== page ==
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HIST 3121 Syllabus

Course Syllabus

HIST 3121 - England Before 1714

3 Credit Hours

Course Information

Course Description:

This course traces the history of England from the Anglo-Saxon invasions of the fifth and sixth centuries to the political, religious, and cultural consensus and new economic order achieved in the early eighteenth century.  As befits a survey, the course will examine political, cultural, and socio-economic trends. It will emphasize those developments which help explain the distinctive liberalism and individualism of English culture. Some of these include the breakdown of feudalism, the Reformation and its Puritan offshoot, the emergence of common law, and the rise of Parliament. 

Course Outcomes:

This course aims to acquaint students with the events, ideas, traditions, and values that have shaped England from the time of the Roman conquest until 1714, the advent of the Hanoverian dynasty. One of the most fundamental objectives of this course throughout is to familiarize students with the nature of historical development, and to teach students to think historically. The ultimate objective of this course is to familiarize students with the nature of historical and philosophical inquiry, and to help them gain insight into the historical process, considering both change and continuity over time. 

Prerequisites & Co-requisites:


Course Topics:

Course topics include the Anglo-Saxon Conquest and its institutions, the Norman Conquest and its effects, English feudalism, the origins and evolution of English common law, the relationship between church and state, life in the medieval town and on the manor, the role of women and children, the emergence of Parliament, the Great Plague and the decline of manorialism, Henry VIII and the English Reformation, the rise of Puritanism, the relationship between crown and Parliament, the English Civil War, and the Glorious Revolution. 

Specific Course Requirements:

Textbooks, Supplementary Materials, Hardware and Software Requirements

Required Textbooks:

Please visit the Virtual Bookstore to obtain textbook information for this course. Move your cursor over the "Books" link in the navigation bar and select "Textbooks & Course Materials." Select your Program, Term, Department, and Course; then select "Submit."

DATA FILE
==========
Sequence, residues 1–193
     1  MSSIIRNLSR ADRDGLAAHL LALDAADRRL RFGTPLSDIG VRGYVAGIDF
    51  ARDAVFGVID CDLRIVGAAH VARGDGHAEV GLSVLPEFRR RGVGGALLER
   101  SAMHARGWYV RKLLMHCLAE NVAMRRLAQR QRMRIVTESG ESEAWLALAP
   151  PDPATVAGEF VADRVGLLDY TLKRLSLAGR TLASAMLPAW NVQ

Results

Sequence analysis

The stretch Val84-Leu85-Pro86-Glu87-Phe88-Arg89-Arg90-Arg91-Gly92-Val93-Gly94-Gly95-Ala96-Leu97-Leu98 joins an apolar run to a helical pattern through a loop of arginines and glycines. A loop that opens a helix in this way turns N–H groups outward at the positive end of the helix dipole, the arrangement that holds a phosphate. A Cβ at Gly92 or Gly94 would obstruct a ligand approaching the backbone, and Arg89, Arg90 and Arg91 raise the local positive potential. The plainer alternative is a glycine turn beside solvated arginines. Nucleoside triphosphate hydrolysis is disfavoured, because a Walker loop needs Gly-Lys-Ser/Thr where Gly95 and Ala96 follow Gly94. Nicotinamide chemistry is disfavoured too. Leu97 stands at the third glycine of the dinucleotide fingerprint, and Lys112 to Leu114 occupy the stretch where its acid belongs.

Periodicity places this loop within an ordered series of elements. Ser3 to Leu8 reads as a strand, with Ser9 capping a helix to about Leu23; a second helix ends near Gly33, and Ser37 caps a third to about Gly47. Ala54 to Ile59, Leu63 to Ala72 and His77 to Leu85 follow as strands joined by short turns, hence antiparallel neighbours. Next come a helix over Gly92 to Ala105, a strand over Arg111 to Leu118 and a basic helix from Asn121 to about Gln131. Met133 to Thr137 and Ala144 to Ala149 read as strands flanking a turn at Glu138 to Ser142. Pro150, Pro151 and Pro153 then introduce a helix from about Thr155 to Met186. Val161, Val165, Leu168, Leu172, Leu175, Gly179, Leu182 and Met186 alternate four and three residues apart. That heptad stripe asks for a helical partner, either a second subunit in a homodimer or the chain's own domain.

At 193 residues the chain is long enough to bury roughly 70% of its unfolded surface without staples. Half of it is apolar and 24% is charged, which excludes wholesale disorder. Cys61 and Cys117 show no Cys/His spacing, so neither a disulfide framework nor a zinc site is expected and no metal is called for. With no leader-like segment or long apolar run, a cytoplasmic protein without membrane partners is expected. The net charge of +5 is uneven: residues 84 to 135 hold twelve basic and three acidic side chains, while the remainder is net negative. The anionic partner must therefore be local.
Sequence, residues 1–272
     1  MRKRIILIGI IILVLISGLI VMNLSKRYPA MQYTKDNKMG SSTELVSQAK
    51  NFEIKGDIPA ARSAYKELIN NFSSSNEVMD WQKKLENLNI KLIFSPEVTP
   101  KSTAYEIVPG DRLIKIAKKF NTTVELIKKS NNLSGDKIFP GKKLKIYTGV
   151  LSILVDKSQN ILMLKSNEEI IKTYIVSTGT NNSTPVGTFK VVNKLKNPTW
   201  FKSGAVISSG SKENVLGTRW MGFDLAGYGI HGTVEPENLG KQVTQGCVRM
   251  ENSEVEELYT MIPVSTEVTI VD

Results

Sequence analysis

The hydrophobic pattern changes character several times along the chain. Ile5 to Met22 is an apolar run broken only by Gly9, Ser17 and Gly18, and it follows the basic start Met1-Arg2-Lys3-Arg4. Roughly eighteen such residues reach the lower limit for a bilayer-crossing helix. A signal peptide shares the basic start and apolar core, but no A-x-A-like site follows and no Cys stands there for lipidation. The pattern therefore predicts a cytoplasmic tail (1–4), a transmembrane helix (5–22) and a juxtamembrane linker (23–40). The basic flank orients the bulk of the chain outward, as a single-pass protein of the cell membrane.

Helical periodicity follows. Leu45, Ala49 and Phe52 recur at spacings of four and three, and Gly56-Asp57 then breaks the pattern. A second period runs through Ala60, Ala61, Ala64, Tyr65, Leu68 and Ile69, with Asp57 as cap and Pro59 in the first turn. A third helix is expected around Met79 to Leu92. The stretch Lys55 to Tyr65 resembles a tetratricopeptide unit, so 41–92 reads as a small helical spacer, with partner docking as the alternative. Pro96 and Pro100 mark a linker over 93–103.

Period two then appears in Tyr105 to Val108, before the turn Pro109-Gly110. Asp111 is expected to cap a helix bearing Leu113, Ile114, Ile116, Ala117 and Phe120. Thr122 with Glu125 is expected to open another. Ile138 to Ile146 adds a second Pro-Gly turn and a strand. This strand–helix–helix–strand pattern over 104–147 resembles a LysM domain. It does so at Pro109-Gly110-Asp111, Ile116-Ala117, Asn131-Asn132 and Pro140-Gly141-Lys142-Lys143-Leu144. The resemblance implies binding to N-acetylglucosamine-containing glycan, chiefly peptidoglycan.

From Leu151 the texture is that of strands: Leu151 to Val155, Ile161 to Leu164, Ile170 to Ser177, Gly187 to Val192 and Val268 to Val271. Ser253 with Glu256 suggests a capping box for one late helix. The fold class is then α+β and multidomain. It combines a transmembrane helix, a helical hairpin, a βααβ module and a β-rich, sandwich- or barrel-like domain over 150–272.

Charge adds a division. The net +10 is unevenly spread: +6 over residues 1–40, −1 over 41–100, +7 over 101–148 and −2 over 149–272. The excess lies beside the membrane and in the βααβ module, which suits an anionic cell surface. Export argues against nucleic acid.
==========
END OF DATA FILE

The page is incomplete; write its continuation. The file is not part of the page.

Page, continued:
Supplementary Materials:

In order to provide students with a greater feel for English life and society, please select one of the following works for the Book Review:

Judith Bennett, Ale, Beer and Brewsters in England (Oxford University Press, 1999), ISBN 0195126505. Barbara Hanawalt, Growing Up in Medieval London (Oxford University Press, 1995), ISBN 0195093844. Marjorie McIntosh, Working Women in English Society, 1300-1620 (Cambridge University Press, 2005), ISBN 0521608589.
Keith Wrightson, English Society, 1580-1680 (Rutgers University Press), ISBN 0813532884. 

Hardware and Software Requirements:

Minimum hardware requirements can be found here.

Minimum software requirements can be found here.

Common applications you might need:

Web Resources:

Purdue OWL Online Writing Lab (for APA, MLA, or Chicago style)

The Writing Center Online Writer's Handbook

Student Resources:
  • Technical support information can be found on the TN eCampus Help Desk page.
  • Smarthinking virtual tutoring is available FREE of charge. to access Smarthinking, visit the course homepage and select Smarthinking under Course Resources. You also view sample sessions to see what Smarthinking offers and how it works.
  • Information on other student issues or concerns can be located on the TN eCampus Student Resources page.

Instructor Information

Please see "Instructor Information" in the Getting Started Module for instructor contact information, virtual office hours, and other communication information. You can expect to receive a response from the instructor within 24-48 hours unless notified of extenuating circumstances.

Participation, Assessments, & Grading

Testing Procedures:

This class will be administered totally online, and thus all assignments and exams must be submitted online. The Mid-term Exam, Book Review, and Final Exam must be submitted via the Dropbox. To access the Dropbox, click on that link in the upper blue navigation bar. Late policy: late exams and book reviews will be penalized by ten points for each day that they are late. 

Grading Procedures:

Discussion (20%), Mid-term Exam (25%), Book Review (25%), and Final Exam (30%). 

Grading Scale:
Below 600F


Assignments and Projects:

*Discussion Topic Responses/DTRs (10 @ 20 points each - Module 11 is a "Bonus" item): 200 points

*Mid-term Exam: 250 points 

*Book Review: 250 points

*Final Exam: 300 points

**Total: 1000 points

To access the discussion boards, click on the 'Discussions' link on the Course Menu. The discussion boards provide an excellent forum for students not only to discuss the particular topic under consideration, but they also allow students the opportunity to consider other viewpoints. Some of the questions are provocative, and none of them has a single correct answer, so make sure to provide valid reasons for your argument or viewpoint. 

Class Participation:
Late Policy:

late discussion postings will be penalized by one point for each day that they are late. 

Course Ground Rules